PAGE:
Bike Share transit system now fully operational in Chattanooga

Bikes are back in the racks of Chattanooga's Bike Share system. (Photo: Staff)

Authored By Mary Barnett

Chattanooga’s Bike Share Program is now fully operational as of Monday night, after months of setbacks and public anticipation.

Leaders with the new transportation effort in Chattanooga, a development market for the system’s brand new technology that can now launch glitch-free in larger cities like New York, said this milestone will help set a standard for bicycle transit in the United States.

“The city of Chattanooga and our community will continue to work as development partners with PBSC Urban Solutions and Alta Bike Share to improve bicycle transit technology. It’s very exciting that the city’s residents and visitors will get to try these new innovations first,” Chattanooga bicycle coordinator Philip Pugliese said.

Thanks to the development support and launch in Chattanooga, the entire system’s original design has tangibly improved, according to PBSC Urban Solutions CEO Alain Ayotte.

“The bike sharing system of Chattanooga is the first to take advantage of the new operating system provided by PBSC Urban Solutions,” Ayotte said in a prepared statement.

Now that the system has overcome initial hurdles, Pugliese said conversations can begin about what could be next for the credit card fee-based system to make it more accessible and deployed in more parts of town.

For the launch, there are 300 bikes distributed among 28 docking stations located primarily within the footprint of the North Shore, downtown, UTC and the Southside.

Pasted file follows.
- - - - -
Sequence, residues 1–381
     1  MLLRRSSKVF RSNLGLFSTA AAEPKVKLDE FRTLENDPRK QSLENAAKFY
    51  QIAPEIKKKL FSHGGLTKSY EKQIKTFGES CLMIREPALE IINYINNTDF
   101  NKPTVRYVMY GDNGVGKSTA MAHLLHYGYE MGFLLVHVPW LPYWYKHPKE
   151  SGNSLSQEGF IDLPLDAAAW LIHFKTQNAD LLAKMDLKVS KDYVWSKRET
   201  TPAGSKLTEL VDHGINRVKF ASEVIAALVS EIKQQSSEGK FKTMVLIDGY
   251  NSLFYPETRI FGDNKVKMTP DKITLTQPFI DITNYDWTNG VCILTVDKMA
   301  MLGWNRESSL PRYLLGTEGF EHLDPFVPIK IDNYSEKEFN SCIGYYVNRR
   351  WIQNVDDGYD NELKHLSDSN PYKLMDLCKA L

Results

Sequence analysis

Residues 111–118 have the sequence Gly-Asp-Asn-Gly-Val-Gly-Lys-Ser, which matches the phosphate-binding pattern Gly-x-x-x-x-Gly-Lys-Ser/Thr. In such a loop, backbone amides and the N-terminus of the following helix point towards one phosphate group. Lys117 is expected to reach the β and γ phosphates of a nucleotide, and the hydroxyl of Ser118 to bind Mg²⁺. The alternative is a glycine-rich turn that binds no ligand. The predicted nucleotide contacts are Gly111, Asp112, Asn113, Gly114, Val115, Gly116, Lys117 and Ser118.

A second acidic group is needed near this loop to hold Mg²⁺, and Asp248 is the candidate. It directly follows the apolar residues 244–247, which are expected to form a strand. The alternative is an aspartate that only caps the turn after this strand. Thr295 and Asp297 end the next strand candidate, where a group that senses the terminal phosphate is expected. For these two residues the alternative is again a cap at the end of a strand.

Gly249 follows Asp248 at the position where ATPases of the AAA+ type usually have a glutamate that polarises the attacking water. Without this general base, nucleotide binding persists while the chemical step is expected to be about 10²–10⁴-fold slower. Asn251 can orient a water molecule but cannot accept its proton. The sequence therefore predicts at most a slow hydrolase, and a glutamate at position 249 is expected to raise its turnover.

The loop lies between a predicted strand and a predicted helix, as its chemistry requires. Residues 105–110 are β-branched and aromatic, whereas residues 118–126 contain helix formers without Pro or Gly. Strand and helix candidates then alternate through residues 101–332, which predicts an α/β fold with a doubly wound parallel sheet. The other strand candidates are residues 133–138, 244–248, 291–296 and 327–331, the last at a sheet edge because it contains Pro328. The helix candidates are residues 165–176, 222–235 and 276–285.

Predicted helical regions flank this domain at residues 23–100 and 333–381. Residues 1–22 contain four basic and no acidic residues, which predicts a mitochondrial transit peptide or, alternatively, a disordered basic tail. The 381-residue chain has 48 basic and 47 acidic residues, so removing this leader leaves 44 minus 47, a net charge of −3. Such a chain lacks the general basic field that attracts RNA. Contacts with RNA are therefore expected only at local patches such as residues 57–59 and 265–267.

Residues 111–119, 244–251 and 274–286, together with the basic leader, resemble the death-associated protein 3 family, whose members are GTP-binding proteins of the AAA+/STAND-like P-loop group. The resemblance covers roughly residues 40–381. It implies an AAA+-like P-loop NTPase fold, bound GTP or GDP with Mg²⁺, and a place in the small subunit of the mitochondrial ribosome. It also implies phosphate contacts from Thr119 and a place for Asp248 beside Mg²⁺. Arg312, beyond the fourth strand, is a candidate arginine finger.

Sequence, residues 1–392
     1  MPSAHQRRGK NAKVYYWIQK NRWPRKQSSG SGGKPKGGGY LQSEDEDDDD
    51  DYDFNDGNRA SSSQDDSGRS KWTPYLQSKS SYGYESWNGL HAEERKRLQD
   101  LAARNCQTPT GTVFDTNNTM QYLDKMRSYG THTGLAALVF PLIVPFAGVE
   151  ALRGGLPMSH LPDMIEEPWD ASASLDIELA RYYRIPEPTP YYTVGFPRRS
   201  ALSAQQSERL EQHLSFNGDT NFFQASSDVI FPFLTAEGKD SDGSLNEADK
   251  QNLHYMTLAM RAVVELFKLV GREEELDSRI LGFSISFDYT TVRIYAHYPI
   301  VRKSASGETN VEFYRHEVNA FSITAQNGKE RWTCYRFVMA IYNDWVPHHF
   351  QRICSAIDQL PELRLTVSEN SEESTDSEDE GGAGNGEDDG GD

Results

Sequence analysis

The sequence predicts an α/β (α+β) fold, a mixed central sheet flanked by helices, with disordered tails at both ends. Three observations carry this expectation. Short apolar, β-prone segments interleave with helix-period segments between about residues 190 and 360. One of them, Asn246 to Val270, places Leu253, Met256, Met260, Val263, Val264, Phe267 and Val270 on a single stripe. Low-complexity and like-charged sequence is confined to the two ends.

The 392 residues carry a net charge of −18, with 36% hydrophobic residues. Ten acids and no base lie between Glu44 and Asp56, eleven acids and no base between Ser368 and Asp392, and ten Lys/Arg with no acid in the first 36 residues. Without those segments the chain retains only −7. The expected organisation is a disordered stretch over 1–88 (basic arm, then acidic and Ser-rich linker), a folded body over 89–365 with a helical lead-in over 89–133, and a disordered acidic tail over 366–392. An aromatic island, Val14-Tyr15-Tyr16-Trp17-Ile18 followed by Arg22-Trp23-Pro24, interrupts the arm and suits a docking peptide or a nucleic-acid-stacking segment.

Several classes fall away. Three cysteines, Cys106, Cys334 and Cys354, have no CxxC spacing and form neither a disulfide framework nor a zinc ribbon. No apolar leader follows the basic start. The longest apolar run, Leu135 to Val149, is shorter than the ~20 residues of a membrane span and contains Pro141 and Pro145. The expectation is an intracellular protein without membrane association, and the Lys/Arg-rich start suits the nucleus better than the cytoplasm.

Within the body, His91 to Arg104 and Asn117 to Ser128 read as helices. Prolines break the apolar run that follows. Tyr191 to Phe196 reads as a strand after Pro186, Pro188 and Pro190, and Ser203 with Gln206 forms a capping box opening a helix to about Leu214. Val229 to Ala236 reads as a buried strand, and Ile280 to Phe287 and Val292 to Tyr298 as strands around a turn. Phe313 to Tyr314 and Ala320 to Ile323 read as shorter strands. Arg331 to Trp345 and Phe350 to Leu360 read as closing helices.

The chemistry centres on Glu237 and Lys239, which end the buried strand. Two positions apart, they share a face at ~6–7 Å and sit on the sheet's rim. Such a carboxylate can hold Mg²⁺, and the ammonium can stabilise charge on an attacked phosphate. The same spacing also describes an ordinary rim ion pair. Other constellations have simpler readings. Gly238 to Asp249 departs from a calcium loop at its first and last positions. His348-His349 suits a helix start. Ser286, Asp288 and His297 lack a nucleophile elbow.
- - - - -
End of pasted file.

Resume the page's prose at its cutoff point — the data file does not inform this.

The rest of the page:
Expanding that to St. Elmo, Highland Park and East Chattanooga is an important possibility, according to Pugliese.

Other areas of innovation that could allow the system to expand include smart card readers at each station. Technologies such as this provide further opportunities to integrate the system with public transit and corporate sponsors.

Pugliese said future applications could be coordinating with CARTA’s monthly passes, as well as student and corporate ID badges.

“Your company ID cards could allow you access to the transit system. Maybe that is subsidized as a health benefit,” he said of the potential yet to be explored.

Pugliese said Chattanooga and other leaders in bike communities around the country are still learning about this relatively new mode of transportation in the United States and how best to make it available to everyone.

Pricing structures, station locations and incorporating the system into other modes of public transportation are all areas of growth for bike transportation in Chattanooga, according to Pugliese.

Additional information about locations, fees and memberships can be found on Bike Share’s website.